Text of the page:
Talking Back to Dr. Phil: Alternatives to Mainstream Psychology


Utilizing in-depth research and analysis, this volume debunks the quick fixes and simplistic explanations of Dr. Phil McGraw. While he’s watched and revered by millions, no critique exists for his daytime advice—and like much of “pop psychology,” his counsel is often ineffective, leaving people feeling like failures and that something is wrong with them. Readers will easily identify with the guests and stories from actual Dr. Phil episodes, on topics ranging from anger, sex, addictions, and dieting to domestic ...
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Talking Back to Dr. Phil: Alternatives to Mainstream Psychology

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Utilizing in-depth research and analysis, this volume debunks the quick fixes and simplistic explanations of Dr. Phil McGraw. While he’s watched and revered by millions, no critique exists for his daytime advice—and like much of “pop psychology,” his counsel is often ineffective, leaving people feeling like failures and that something is wrong with them. Readers will easily identify with the guests and stories from actual Dr. Phil episodes, on topics ranging from anger, sex, addictions, and dieting to domestic violence, race, and gender. A powerful, love-based alternative psychology is then offered, basing itself on the belief that there is profound meaning in people’s struggles. Story after story shows how people’s difficulties are seeds of their unique beauty, power, and intelligence, elevating rather than diminishing their esteem. The insight and compassion for people’s humanity provided here cuts through the easy soundbites and will leave people feeling a genuine love for who they really are.
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Editorial Reviews

Publishers Weekly
Teacher, counselor, attorney, and organizational consultant Bedrick provides alternative approaches to mainstream psychology, using television personality Dr. Phil as a paradigm for all that is wrong with conventional methods. Bedrick advocates instead for a "love-based psychology," which "views people, including their disturbing feelings and behaviors, as a reflection of nature’s diversity." This approach garners methods from many disciplines including process-oriented psychology, quantum physics, and Zen Buddhism. Bedrick explicates major topics in psychology including dieting, addiction, relationships, and gender roles. For each topic Bedrick uses an episode of Dr. Phil as an example and then demonstrates how his own methods would better resolve the situation. While Bedrick makes some salient points about the pitfalls of taking advice from the likes of Dr. Phil, his own anecdotes can be less convincing. The book is also rigidly structured around episodes of Dr. Phil—which proves initially a good gimmick, but eventually grows tiresome. Surely alternatives to the likes of Dr. Phil are needed, and some aspects of Bedrick’s love-based psychology are indeed appealing.
From the Publisher

“David Bedrick takes on Dr. Phil in an intelligent, sensitive way that readers will find enlightening and validating. He uses Dr. Phil as a foil to give expression to a deeper, more comprehensive understanding of hot issues like race, gender, diet, sex, and power relationships. Here is the anti–Dr. Phil—at last, someone who can stand up knowledgeably to Dr. Phil’s suave bullying.”  —Robert W. Fuller, PhD, author, Somebodies and Nobodies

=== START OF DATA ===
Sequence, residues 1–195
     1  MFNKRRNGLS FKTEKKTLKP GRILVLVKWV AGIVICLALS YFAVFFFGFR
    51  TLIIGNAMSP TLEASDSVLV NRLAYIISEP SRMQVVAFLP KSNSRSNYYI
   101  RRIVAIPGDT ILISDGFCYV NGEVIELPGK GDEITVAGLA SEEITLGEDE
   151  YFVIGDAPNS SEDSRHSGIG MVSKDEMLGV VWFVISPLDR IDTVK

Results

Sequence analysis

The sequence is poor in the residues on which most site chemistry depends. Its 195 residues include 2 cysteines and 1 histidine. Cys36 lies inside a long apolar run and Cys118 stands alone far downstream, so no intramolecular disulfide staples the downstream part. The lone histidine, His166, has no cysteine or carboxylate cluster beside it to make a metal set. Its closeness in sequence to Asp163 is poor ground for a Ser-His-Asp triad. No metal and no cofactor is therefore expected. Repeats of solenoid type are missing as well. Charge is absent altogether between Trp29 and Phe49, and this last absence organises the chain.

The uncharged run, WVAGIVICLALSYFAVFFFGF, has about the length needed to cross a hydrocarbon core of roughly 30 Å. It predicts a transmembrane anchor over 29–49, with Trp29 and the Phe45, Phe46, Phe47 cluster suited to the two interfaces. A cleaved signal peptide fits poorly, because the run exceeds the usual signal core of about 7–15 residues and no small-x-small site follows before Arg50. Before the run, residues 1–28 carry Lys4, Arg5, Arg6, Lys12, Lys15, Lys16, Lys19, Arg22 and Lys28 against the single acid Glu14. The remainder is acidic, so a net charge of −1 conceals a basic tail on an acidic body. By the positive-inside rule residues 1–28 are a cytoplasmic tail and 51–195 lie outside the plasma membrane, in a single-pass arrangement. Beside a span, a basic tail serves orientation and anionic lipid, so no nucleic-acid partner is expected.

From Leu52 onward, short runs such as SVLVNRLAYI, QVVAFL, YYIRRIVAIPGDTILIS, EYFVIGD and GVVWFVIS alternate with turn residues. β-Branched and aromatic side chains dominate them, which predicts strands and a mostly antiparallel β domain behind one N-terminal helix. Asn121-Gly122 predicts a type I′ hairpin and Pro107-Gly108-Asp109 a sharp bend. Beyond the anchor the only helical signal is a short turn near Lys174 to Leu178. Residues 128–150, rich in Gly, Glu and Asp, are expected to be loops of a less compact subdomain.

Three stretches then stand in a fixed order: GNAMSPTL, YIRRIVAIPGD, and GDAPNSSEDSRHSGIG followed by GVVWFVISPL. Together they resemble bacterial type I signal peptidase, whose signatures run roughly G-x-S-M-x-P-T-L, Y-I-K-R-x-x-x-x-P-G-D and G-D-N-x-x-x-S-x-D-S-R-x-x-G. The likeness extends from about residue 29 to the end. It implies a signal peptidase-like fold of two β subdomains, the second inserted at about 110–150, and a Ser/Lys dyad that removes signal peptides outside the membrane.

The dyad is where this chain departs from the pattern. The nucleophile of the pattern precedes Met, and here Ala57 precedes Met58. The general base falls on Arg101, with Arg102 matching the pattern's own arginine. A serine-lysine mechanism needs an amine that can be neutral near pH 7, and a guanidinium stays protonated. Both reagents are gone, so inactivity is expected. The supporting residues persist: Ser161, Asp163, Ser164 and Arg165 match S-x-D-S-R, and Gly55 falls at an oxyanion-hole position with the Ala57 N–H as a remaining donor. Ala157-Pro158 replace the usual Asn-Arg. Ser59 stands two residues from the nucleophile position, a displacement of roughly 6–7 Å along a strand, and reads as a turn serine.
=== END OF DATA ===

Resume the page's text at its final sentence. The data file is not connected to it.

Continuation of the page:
“At last someone is taking on Dr. Phil with good sense and great humor. Life isn’t a sixty-minute show where people just come in for the laying on of hands. Life is about working it all out with family, community, and love. Good for Mr. Bedrick to decide to pull off the gloves and have an emotional slugfest with an over-the-high-school bully. Talking Back to Dr. Phil is a must read. But not at dinnertime . . . you’ll be laughing too hard to eat.”  —Nikki Giovanni, author, Love Poems

“David Bedrick understands that real change or transformation requires challenging accepted dogma and then approaching problems with compassion and curiosity. A great advocate for stopping the madness of body hatred and dieting.”  —Jane R. Hirschmann and Carol H. Munter, authors, Overcoming Overeating

“David Bedrick gets it right. He isn’t talking back just to Dr. Phil but to a whole century of normative psychology, an approach to mental health that has more to do with socialization than with well-being. Bedrick adds a crucial missing piece to the equation: love. Not just ordinary love but love of our uniqueness, diversity, and struggles—a kind of love sorely missing in mainstream psychology. A modern-day Walt Whitman, Bedrick sings the beauty of our humanity and exhorts us to do the same, to prize the deepest levels of our diversity and express the many wonderful, crazy, and colorful ways there are of being human.”  —Julie Diamond, PhD, coauthor, A Path Made by Walking

“David Bedrick contrasts mainstream psychology with a new approach based on love and radical belief. Mainstream psychology tells us we are sick, bad, or wrong. But for Bedrick our fatigues, aches, pains, anxieties, low moods, and even the difficulties we encounter in our jobs and relationships are all growing opportunities without which we would not develop more awareness. I agree with Bedrick that our sickness deserves our love because it contains the medicine toward our wholeness and well-being.”  —Pierre Morin, MD, PhD, coauthor, Inside Coma